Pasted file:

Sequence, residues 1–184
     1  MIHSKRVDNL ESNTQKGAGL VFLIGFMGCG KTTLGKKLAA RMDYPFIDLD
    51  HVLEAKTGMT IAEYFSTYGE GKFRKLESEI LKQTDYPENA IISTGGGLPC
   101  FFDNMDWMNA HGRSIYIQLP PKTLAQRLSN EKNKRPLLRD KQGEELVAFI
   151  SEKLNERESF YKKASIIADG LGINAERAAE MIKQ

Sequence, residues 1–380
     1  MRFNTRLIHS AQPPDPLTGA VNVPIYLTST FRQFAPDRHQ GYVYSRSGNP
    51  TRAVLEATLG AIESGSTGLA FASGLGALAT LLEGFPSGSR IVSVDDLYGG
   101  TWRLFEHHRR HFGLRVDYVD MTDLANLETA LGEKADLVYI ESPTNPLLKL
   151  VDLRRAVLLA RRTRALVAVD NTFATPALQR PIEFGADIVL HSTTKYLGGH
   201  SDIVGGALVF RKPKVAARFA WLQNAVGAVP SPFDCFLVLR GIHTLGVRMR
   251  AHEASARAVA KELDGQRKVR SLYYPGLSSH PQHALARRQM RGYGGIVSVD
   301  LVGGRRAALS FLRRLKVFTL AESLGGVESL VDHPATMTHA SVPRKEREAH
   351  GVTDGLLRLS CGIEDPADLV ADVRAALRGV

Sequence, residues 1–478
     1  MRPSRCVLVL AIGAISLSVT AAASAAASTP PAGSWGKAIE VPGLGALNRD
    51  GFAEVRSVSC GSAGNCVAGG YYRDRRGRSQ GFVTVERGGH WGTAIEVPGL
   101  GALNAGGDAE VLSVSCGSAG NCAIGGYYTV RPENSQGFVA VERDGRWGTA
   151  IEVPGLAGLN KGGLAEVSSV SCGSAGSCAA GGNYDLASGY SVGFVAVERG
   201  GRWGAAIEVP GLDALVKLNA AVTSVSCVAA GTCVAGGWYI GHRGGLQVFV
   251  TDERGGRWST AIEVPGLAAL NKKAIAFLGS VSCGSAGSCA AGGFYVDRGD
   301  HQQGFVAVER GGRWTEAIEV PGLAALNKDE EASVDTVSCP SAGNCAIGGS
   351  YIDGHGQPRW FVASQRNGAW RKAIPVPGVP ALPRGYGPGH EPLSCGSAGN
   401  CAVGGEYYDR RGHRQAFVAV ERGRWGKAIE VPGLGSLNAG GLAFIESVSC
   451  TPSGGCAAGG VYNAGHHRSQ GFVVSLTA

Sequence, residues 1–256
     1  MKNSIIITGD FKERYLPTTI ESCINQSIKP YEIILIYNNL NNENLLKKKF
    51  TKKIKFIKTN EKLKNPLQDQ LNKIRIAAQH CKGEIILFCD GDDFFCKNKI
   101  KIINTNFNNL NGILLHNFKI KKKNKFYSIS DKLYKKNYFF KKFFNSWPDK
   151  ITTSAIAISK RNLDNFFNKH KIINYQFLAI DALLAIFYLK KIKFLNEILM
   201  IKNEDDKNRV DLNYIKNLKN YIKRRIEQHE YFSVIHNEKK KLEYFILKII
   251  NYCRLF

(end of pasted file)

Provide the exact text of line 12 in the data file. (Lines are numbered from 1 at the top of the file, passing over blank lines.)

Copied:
   251  AHEASARAVA KELDGQRKVR SLYYPGLSSH PQHALARRQM RGYGGIVSVD